By Ray Fleming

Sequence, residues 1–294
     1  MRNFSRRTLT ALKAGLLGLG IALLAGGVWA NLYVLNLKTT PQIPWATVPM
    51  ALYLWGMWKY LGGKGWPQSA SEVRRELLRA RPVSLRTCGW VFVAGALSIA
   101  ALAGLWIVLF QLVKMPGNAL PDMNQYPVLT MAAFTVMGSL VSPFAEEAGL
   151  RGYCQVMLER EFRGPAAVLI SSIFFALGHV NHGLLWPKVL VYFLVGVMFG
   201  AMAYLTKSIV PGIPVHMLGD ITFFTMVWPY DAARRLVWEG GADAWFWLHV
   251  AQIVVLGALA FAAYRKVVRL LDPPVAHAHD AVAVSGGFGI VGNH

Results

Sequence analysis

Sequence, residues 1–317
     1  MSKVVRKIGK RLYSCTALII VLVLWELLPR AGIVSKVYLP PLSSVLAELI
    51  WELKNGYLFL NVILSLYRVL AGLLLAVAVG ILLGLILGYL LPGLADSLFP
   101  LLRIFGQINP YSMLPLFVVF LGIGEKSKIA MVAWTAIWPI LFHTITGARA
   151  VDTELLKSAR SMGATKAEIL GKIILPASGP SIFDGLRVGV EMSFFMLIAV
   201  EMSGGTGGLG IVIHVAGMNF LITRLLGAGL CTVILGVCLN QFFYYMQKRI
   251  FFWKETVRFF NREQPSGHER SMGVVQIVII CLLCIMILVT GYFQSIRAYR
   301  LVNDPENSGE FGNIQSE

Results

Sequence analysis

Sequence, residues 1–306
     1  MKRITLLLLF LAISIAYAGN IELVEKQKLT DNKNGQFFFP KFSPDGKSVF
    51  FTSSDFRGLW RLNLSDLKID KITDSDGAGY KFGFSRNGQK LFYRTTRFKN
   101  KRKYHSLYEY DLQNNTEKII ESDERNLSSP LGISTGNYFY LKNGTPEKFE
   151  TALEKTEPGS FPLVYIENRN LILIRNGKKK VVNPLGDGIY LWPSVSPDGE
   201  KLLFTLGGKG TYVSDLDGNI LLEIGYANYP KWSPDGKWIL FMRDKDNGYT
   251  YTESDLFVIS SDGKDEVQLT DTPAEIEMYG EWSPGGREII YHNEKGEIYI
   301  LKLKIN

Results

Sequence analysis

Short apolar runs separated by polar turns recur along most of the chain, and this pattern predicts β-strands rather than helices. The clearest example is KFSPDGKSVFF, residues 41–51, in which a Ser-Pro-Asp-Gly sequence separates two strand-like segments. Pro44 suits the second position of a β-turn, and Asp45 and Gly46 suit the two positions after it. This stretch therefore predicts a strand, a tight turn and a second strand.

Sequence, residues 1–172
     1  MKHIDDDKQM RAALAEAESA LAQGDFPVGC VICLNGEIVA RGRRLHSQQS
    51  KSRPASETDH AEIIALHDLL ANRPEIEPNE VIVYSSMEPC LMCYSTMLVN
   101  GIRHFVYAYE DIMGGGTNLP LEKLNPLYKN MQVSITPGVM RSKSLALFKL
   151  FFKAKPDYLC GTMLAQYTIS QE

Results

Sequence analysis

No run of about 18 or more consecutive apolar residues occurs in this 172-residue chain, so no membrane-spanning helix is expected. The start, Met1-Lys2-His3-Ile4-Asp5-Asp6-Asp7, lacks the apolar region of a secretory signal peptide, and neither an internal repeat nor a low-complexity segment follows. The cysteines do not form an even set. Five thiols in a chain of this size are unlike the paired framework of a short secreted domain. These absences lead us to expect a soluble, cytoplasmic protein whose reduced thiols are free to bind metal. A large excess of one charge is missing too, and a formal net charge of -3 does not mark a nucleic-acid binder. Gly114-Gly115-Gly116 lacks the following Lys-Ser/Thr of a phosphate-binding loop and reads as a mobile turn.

“BRITAIN recognises the sacrifices made by Pakistan's military, civil law enforcement agencies and people in fighting violent extremism and militancy and appreciates the efforts of the democratic government.” That sentence, part of a long joint statement made by David Cameron and the Pakistan president Asif Ali Zardari after their talks at Chequers on Friday, shows how close Britain came in these talks to apologising for the negative comments about Pakistan made by Mr Cameron in India only a week earlier. It is also clear from the specific measures on future co-operation agreed between the two sides that President Zardari succeeded in convincing Mr Cameron of the importance of his country in helping to bring the Afghanistan situation to a relatively satisfactory solution and in dealing with the wider issue of international terrorism. Unless he is toppled by other matters -- his absence during the current unprecedented flood disaster for instance -- Mr Zardari has three years left as president and it is important that this time is spent productively between Britain and Pakistan. If Mr Cameron has learnt over the past few days that the world is a more complex place than he would like it to be then his gaffe in India and Pakistan's angry response to it will have served a useful purpose. Since Pakistan became independent in 1947 it has been under military rule more often than democratic government. Mr Zardari has taken a number of measures to strengthen the democratic core in the country and he deserves help and support in this area as much as in the military's role in relation to Afghanistan.

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